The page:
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Markov's inequality states:

Let $X$ be a non-negative random variable and suppose that $\mathbb{E}(X)$ exists. For any $t > 0$:

$$\mathbb{P}(X > t) \leq \frac{\mathbb{E}(X)}{t}$$

My text contains the following proof:

Since $X > 0$,

$$ \begin{align} \mathbb{E}(X) &= \int_0^{\infty} xf_X(x)dx \\ &= \int_0^{t} xf_X(x)dx + \int_t^{\infty} xf_X(x)dx \\ &\geq \int_t^{\infty} xf_X(x)dx \\ &\geq t\int_t^{\infty} f_X(x)dx \\ &= t\mathbb{P}(X > t) \end{align} $$

My concern is the step where we remove $x$ from the integral. I think the assumption is that since we know $x$ is non-negative, that removing multiplication by $x$ can only make things smaller. However, for $0 < x < 1$ removing multiplication by $x$ should actually make them bigger. If $f_X$ only has density in that range, then I don't think you can say that $\int_t^{\infty} xf_X(x)dx \geq \int_t^{\infty} f_X(x)dx$. Unless somehow multiplying by $t$ at the same time gets rid of this problem?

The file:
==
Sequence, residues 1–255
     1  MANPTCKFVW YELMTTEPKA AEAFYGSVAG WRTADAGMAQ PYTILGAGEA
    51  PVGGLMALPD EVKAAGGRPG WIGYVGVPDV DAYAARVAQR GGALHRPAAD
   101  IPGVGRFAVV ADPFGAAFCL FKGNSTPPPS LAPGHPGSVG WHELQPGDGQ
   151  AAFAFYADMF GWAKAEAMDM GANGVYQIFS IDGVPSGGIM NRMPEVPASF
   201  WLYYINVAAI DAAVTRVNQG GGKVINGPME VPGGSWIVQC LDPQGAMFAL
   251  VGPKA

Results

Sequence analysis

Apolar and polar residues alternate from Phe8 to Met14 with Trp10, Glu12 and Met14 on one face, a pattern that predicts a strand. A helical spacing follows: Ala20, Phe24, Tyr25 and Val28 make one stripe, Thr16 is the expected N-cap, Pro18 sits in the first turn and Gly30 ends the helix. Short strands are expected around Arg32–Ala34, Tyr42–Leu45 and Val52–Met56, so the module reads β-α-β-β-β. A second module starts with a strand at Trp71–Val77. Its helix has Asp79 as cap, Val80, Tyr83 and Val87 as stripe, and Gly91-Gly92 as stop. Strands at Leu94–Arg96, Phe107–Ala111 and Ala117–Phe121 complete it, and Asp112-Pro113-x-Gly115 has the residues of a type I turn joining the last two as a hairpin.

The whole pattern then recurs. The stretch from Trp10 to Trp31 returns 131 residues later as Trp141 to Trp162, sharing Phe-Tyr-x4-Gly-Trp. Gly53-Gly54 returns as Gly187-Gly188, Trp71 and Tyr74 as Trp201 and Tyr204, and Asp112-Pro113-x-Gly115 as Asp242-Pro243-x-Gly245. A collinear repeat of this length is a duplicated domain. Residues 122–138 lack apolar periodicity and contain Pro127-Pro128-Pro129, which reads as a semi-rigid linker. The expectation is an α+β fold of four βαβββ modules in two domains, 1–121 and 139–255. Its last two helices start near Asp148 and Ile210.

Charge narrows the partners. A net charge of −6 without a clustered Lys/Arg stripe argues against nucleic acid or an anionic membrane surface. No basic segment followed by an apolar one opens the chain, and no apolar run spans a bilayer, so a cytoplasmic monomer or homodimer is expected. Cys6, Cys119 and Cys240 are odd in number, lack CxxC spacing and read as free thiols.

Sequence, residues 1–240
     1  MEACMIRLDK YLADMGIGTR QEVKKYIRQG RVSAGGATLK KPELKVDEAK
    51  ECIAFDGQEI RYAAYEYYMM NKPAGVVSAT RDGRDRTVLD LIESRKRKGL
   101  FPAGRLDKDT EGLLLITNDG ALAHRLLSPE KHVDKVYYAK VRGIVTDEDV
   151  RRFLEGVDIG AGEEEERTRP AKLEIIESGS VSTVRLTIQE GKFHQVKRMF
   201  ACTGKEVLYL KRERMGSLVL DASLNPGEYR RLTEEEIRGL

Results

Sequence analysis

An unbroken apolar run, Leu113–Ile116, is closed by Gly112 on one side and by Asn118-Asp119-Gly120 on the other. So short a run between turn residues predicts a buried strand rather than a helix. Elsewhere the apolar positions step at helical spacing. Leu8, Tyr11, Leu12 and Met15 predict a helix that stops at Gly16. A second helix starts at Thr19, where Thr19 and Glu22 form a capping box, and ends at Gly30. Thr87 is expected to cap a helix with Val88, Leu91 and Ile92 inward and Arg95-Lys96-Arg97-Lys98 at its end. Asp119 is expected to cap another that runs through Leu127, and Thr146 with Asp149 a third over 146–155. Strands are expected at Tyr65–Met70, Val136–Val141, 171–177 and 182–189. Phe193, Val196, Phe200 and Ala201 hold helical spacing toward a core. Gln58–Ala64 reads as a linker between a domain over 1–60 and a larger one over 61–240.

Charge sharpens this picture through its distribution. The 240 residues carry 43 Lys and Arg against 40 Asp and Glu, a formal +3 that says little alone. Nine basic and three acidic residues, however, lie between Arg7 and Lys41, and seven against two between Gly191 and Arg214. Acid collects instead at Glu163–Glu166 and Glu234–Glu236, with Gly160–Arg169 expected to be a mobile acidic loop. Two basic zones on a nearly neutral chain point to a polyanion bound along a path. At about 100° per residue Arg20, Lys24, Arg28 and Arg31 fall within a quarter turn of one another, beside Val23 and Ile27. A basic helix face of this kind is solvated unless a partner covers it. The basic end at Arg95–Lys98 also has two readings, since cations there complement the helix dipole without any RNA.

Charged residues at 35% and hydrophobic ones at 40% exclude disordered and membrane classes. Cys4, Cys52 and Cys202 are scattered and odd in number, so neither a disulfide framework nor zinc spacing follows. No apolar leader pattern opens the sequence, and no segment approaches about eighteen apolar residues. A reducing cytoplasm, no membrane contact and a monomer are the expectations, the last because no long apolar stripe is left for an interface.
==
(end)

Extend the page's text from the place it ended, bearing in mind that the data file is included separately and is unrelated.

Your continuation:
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Note that the range of integration is $x = t$ to $x=\infty$. On that range, you have $x \geq t$, so you can lower bound $x$ by $t$. Since the density is always nonnegative, $f_X(x) \geq 0$ for any $x$, you can write $xf_X(x) \geq tf_X(x)$ whenever $x \geq t$.

To elaborate, the calculation is $$ \int_t^\infty xf_X(x) dx \geq \int_t^\infty tf_X(x)dx = t \int_t^\infty f_X(x)dx. $$

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  • $\begingroup$ Thanks. I had accepted this proof a while back and came back to it and wasn't sure if I hadn't noticed the "problem" before or if I was missing a detail now. Makes sense. $\endgroup$ Apr 18 '20 at 1:33

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